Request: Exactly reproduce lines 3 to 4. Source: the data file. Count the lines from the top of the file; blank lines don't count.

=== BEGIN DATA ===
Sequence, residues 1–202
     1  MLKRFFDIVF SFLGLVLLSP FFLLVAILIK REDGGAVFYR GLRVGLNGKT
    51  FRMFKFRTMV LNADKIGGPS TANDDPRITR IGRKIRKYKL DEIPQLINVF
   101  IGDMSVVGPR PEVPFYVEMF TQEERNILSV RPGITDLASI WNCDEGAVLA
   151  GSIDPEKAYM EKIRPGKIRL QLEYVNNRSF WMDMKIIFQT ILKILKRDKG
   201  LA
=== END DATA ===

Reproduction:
    51  FRMFKFRTMV LNADKIGGPS TANDDPRITR IGRKIRKYKL DEIPQLINVF
   101  IGDMSVVGPR PEVPFYVEMF TQEERNILSV RPGITDLASI WNCDEGAVLA